While one “Silent H” fell in the first round of qualifying, the other has a shot to make it into the main draw of Wimbledon. Hlavackova hasn’t dropped a set in her way to the final round of qualifying — much like her opponent, noted grass-ophile Paszek. The two-time Wimbledon quarterfinalist and and 2012 Eastbourne champion is still trying to find her way back into the Top 100 after dropping out of the double-digit rankings around this time three years ago.
Paszek didn’t have the easiest of times against British wildcard Lisa Whybourne, rallying from a break down in the second, but she probably goes into this as the favorite after a solid grass court swing so far.
René’s Pick: Paszek in three — probably dramatic — sets.
RD: Luksika Kumkhum (THA) vs. Vania King (USA)
Gosh, this section has had it all — King drawing, and subsequently ousting her doubles partner, Alla Kudryavtseva in three sets. Ash Barty’s return to the Grand Slam stage looked solid and then suddenly, Kumkhum played spoiler at the Australian’s comeback party to book her place in the final qualifying round.
With Lourdes Dominguez Lino and Silvia Soler Espinosa at the front, it was never likely for a seed to truly emerge from this section, so having a final round between Kumkhum and King for all the unseeded and looming-ness makes… sense? Kumkhum’s double-handed flat strokes are obviously a good match to the grass courts but overall, I’d give the edge to the American here.
René’s Pick: King in straight sets.
VC: Barbora Stefkova (CZE) vs. Mandy Minella (LUX) 
If we’re being completely honest, Minella shouldn’t even be here. The lady from Luxembourg was 0-8 on grass in her career before last year’s Championships, and has never made it out of qualifying at the All-England Club.
It didn’t look likely that she was going to do so this year either — as Romania’s Ana Bogdan served for their opening round qualifying match not once, but twice, in the second set before Minella rallied for the win. On Wednesday, Misa Eguchi also had the No. 17 seed on the ropes after Minella won the first set, as the Japanese woman dominated the tiebreak 7-0 and built a 5-1 lead in the decider. She, too, never reached match point as Minella ran off six games in a row to win it.
On the other side of the net is Czech Stefkova, who’s a decade younger than Minella but certainly hasn’t seemed it in Roehampton — she’s dispatched both Tereza Mrdeza and No. 9 seed Kristina Kucova in straight sets en route to getting here. This is just her second-ever tournament on grass in her career, but the first one went pretty well — she reached the final of the Aussie $25,000 event in Midura in February.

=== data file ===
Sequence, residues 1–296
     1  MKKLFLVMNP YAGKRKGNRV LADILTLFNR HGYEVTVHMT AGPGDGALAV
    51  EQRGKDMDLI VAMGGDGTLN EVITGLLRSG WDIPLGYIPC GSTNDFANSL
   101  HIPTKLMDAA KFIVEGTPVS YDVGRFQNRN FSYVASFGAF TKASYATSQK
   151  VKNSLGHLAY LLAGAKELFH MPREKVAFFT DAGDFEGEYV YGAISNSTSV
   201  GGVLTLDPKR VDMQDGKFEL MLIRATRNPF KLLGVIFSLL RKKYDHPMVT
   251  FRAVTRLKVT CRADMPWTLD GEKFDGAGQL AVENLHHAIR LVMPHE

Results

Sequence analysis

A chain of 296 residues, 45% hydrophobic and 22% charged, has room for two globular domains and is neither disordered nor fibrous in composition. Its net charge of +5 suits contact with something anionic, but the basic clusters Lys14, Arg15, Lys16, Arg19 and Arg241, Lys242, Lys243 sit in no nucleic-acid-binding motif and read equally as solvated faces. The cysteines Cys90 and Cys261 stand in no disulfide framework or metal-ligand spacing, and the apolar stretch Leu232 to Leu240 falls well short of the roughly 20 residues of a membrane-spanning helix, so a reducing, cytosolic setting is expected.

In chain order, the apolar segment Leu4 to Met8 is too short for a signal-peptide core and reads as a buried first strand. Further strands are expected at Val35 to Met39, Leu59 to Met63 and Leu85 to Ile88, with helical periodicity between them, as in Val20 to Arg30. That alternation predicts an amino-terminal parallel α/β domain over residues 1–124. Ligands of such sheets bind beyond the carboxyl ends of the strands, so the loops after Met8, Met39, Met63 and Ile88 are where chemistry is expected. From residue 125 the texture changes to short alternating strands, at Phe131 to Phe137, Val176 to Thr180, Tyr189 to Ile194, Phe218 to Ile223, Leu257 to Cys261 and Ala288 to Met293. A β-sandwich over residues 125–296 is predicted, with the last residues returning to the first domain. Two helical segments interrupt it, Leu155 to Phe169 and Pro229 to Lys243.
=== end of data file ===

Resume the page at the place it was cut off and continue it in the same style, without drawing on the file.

Nonetheless, Minella is already playing with house money and she might ride that luck all the way to the main draw.
Vika’s Pick: Minella in three sets
VC: Harriet Dart (GBR) vs. Ekaterina Alexandrova (RUS)
It’ll be the local vs. (another) marathon woman in this match.
Dart’s had a little bit of luck with her draw following a first round win over Liu Fangzhou; she defeated Risa Ozaki in straight sets on Thursday only after the Japanese came back in the early morning to finish a marathon with Dart’s compatriot Freya Christie. The British teenager had a pair of match points but couldn’t convert, only to see Ozaki win 6-7(7), 7-6(4), 7-5 in 3:42 over the span of two days. With little left in the tank presumably, she went down rather tamely to the 19-year-old, 6-4, 6-3.
The Russian played a marathon to get here against Steffi Vogt — after the pair split 6-4 sets, they played 26(!) games in the third for the longest decider of Wimbledon qualifying thus far. After saving a match point, Alexandrova broke at love and served out the 6-4, 4-6, 14-12 win in a tidy 2:21 — all things considered.
Although Dart will have the crowd’s support, if her 15 aces in the match are any indication, Alexandrova plays a big game that will serve her well on grass — even though this is the first time she’s ever played on it.
Vika’s Pick: Alexandrova in straight sets
VC: Irina Khromacheva (RUS)  vs. Marina Erakovic (NZL) 
Both girls’ finalists from the 2011 Wimbledon Championships featured in the qualifying draw here, with champion (and comeback-ing) Barty going out to Kumkhum on Thursday. Khromacheva is still here, though, posting wins over Sara Sorribes Tormo and Andreea Mitu to get as close as she’s ever come to the ladies’ event at the All-England Club — in the first time she’s ever even played the qualifying.
With both Sorribes Tormo and Mitu more at home on clay, the Russian lefty will see Erakovic on the other side of the net on Friday — who’s reached the third round twice in her career at Wimbledon. The Kiwi’s struggled with injury over the past year-plus, and has seen her ranking fall to No. 149, but she’s a well-established Top 50 player when playing well.
While it’s hard to believe that Khromacheva is still only 21 years old — as the “lost member” of the trio that dominated in juniors with Daria Gavrilova and Yulia Putintseva — it’d be nice to see her finally in the women’s singles draw of a Grand Slam. I just don’t think it’ll be here.
Vika’s Pick: Erakovic in straight sets
VC: Zhu Lin (CHN) vs. Paula Kania (POL)
Zhu and Kania seem a little out of place here, but in one of the most open sections of the qualifying draw, here they are. Both these players have gone viral for very different reasons briefly in their careers, with Zhu having one fateful moment against Francesca Schiavone in Indian Wells last year. Kania had a noteworthy Wimbledon in 2014, as she qualified and lost to Li Na in competitive straight sets in the first round — which, on the surface, really isn’t all that extraordinary. Of course, it becomes such when you consider that match was not only Kania’s first in a Grand Slam main draw, but her first main draw of any WTA Tour event.
Since then, though, the Polish No. 4 has struggled — and she currently sits outside the Top 200. She’s had two decent wins in Roehampton, taking out Mallorca quarterfinalist Veronica Cepede Royg and veteran Virginie Razzano and this match against Zhu could go either way. Without flipping a coin, I’ll take Kania — purely because she’s tasted a little success at Roehampton already.
Vika’s Pick: Kania in three sets
Who do you think will make it through to the women’s draw? Sound off in the comments!